We were surprised and a little excited—in a good way—to see that the old Swiss Club recently went on the market. (Asking price is $4.995 million.)
Anyone who's hiked Mt. Tam and put in around the Mountain Home Inn in Mill Valley has surely seen it: a sprawling, wooden chalet that, until a few years ago, had the words "Swiss Club" on its door. We figured it for some kind of Alpine hiking club (was excellent European beer on tap inside?) but we didn't know anyone who was a member, or even anyone who knew a member. Since the "For Sale" sign has stimulated recent discussions about the place, we figured it was a good time to head over to the library to investigate.
All we can say is: Who knew Swiss immigrants were such schwingers?
It turns out that there were many Swiss saloons in San Francisco in the early 1900s. Homesick for the Alps, many expats enjoyed taking the ferry to Sausalito and hiking to Mill Valley. Armed with pickaxes and shovels, they began clearing a path on the hillside—so they could haul a sled full of construction materials up the grade, and build a clubhouse. (The path would later become Edgewood Avenue.)
They raised a house in 1920 and dubbed it Schweizer Verein Tell—or Swiss Club Tell—after the apple-shooting, 15th century Swiss hero, William Tell. After the building slid downhill in a big storm, they rebuilt and that house is the one you see today.
For the first few decades of its existence, the Swiss Club Tell hosted parties and picnics and housed "a certain piece of equipment which was able to produce some kind of a liquid which looked to the uninitiated like holy water," according to reminiscences from early members. "But it was of much greater proof. It is said that those mountain waters supplied the necessary spirit in various Swiss saloons in the city."
During the Great Depression, "the club decided to open its doors for those few unfortunate enough to have lost their job and with it their place to live."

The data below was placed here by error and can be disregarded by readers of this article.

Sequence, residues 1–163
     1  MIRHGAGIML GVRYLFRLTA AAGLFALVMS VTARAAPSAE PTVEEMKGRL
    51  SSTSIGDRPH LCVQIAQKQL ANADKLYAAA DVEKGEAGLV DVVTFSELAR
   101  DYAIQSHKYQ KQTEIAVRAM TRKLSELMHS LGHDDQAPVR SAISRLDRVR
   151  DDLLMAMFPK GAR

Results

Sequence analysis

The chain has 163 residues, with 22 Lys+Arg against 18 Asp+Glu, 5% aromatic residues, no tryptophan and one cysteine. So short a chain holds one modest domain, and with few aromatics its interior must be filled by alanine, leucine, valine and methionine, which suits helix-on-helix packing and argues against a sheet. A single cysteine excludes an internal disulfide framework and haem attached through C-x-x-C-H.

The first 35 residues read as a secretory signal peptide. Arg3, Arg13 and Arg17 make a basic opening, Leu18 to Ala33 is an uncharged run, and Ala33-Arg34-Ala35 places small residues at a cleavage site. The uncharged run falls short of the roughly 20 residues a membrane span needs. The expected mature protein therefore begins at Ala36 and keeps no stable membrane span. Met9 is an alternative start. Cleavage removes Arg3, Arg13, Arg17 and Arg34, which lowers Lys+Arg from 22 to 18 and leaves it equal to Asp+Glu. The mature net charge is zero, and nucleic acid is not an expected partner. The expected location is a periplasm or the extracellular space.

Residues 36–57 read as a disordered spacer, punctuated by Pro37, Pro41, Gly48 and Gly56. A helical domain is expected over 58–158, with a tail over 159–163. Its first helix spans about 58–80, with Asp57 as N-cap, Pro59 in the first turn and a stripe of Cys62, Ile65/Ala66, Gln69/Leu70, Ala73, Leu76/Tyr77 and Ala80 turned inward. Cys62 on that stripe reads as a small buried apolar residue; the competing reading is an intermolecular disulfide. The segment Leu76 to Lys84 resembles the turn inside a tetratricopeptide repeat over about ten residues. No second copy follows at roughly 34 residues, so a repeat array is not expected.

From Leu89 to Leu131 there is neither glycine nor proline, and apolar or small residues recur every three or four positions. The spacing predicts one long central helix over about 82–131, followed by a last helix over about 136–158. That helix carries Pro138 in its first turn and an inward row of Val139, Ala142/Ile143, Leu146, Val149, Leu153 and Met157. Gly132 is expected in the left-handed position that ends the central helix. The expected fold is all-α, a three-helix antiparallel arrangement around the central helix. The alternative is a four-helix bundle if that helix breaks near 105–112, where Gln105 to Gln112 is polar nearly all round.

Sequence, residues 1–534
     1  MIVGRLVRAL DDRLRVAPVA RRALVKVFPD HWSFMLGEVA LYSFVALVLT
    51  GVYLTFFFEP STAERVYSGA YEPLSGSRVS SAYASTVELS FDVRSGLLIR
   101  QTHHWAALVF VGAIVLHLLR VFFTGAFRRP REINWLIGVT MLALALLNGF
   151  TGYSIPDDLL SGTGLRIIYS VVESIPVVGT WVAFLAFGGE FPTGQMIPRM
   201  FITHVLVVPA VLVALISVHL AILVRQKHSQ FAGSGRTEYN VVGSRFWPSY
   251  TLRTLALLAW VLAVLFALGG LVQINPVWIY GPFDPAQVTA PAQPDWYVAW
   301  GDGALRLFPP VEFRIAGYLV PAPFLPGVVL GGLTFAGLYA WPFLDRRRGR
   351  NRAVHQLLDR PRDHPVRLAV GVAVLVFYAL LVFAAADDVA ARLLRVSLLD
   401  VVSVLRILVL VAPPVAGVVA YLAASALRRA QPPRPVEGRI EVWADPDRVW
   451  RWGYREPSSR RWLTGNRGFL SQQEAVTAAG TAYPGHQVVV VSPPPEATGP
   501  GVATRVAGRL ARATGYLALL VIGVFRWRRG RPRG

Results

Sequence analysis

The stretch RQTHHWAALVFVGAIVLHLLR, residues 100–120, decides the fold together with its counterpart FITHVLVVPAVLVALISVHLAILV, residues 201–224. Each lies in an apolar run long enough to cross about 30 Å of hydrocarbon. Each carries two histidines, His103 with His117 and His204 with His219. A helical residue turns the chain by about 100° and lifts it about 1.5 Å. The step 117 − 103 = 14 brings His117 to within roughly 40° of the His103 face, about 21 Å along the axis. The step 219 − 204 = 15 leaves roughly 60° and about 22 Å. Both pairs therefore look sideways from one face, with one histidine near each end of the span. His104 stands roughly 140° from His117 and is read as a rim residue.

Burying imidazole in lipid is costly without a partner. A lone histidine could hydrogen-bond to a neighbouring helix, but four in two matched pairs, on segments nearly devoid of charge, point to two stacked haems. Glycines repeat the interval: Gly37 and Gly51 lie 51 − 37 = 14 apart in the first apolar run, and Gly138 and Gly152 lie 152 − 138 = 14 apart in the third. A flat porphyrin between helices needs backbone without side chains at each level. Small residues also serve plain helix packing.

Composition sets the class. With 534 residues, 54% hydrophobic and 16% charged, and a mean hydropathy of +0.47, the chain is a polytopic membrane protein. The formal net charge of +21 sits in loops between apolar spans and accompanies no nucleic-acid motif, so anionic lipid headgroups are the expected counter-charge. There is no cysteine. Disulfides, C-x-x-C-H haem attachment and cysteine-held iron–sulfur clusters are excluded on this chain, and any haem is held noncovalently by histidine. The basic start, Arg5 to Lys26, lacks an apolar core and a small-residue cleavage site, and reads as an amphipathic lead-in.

By the 1950s, the place was swinging. Or more accurately, schwinging: "There was a major gathering every month, including a Fastnacht dance, a March festival, a Hobo ball in April, a Mayfest and a Summer dance....They held several Schwingfests."
Fast forward to the 50th anniversary gala in 1970, when both San Francisco's Swiss Gymnastic Club and Swiss Singing Club (practices were every Thursday at 8 p.m., all welcome) sent their congratulations. These were the days of raucous yodeling contests and dancing to Al Fassler's Swiss Orchestra.
Eventually, however, the club fell on hard times; the property was sold and, in the 1990s, the neighbors strenuously opposed the new owner's plan to connect the property to the city's sewers. He won on sanitary grounds. When the place sold in 2004, it fetched $2.75 million.
According to the current listing, $4.995 million buys you a "main lodge and three charming guest cottages...dramatically restored with character and attention to detail. The grounds are breathtakingly beautiful, with approximately 65,000 sq ft. of sun-drenched redwoods, lawns and private stone patios."
This time around, we're taking up a collection to buy it. We'll revive the yodeling contests.
[See related 2002 San Francisco Chronicle post]
[Photo credit: Swiss Club Tell file]